"It was really good. Er... one of you makes Cat and Girl?"

The bassist pointed to the guitarist, smiled, then walked to the back room.

"I just wanted to say I'm a big fan of the comic. It's my favorite web comic. I like it a lot."

"Thanks." Dorothy said as if trying to hide in her beer. She was very quiet, and seemingly very shy (or she just wanted to get the hell away from me). "What's your name?" And she put out her hand.

Again, I ramble when I'm nervous. "Ami, Amichai, really but no one can really pronounce Amichai. Ami. I'm Ami. Dorothy, right?" She nodded and we shook hands. "It’s how I learned about your band and this show. I can’t stay to hear the next band, I gotta get back to Queens." I’m master of the more information than necessary school of conversation. "But I'm glad I came, and just wanted to say I really like your comic, and the band was really good."

I don't generally get star struck. Big names most often don't phase me. If, say I bumped into John Malkovitch on the street - and I have, literally on the crowded streets of Harvard Square in Cambridge, a bit embarrassing really - I wouldn't get all tongue tied (I wasn't in fact; I apologized and we both went on our merry ways). For some reason however, when I meet minor celebrities (or those who are only famous in my head) I am a loss for words. When I met Scott Mccloud at his book signing I couldn't come up with a thing to say. And now, shaking hands with a girl who lives in Brooklyn, draws a web comic, and is in punk band no one has heard of, I giggle with nervousness. The best part, was that she seemed so shy and embarrassed, demurely shaking my hand, quietly thanking me while seemingly wishing she could hide inside her beer bottle. Had I more money and more guts I would have offered to buy her a drink. Not due to any romantic inclination, just because I really admire her work. But I did not have more money, and I certainly am a coward so I excused myself saying I had to get back to Queens.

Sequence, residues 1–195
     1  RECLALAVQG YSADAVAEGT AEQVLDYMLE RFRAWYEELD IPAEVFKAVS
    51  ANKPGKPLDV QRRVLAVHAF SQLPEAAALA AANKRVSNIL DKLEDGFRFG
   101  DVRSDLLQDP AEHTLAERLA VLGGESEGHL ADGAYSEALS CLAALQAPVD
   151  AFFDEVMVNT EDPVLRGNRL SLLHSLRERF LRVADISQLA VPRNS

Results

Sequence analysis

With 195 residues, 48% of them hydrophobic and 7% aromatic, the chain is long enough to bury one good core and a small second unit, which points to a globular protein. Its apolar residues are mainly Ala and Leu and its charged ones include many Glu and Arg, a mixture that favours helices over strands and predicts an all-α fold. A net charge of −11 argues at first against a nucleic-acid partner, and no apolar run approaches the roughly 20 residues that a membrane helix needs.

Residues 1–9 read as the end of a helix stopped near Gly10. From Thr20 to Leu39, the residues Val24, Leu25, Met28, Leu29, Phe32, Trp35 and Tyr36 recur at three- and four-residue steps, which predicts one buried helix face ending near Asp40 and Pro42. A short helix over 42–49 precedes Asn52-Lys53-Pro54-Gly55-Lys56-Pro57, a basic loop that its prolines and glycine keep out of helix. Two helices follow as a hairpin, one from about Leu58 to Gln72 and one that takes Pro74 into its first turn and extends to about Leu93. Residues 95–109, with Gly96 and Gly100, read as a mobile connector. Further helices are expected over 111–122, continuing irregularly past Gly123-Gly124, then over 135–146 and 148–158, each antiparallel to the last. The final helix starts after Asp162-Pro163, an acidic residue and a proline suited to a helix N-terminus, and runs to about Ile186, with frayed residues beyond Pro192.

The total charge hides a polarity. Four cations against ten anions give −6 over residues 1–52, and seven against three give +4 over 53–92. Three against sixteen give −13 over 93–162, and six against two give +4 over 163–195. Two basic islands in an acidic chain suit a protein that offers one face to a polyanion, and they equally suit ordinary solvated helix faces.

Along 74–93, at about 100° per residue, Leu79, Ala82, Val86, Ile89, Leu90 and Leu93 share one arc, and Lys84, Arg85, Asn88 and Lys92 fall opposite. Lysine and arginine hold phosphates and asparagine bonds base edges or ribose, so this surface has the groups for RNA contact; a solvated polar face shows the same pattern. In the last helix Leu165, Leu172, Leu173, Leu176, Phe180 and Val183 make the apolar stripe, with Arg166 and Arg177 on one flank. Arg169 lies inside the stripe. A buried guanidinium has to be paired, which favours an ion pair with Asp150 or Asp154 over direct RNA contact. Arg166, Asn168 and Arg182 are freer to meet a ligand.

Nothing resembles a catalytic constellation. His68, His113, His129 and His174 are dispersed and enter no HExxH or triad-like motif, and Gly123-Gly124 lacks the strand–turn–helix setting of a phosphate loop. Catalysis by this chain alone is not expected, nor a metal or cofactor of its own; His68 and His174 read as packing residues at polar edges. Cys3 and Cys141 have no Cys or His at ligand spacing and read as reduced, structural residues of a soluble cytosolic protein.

"Thanks for coming." Was the last thing she said as I smiled equally shy, and walked back to Hillel and Lily and the three of us walked back to the subway, not bothering to wait around to hear Paper Fleet play.

I took the F train to 32cnd and 6th, then walked up to Penn station, took the 12:21 train back to Queens, and walked from the station, about a mile home in the snow. Over all I'd say it was a very good day.

Saturday, December 03, 2005

People whom I admire

A list of famous (at least famous in my mind) people whom I either aspire to be, to be with, or just am inspired by (an abbreviated list). In no particular order.

Dorothy Gambrell

Haruki Murakami

John Flansburgh and John Linell (They Might Be Giants)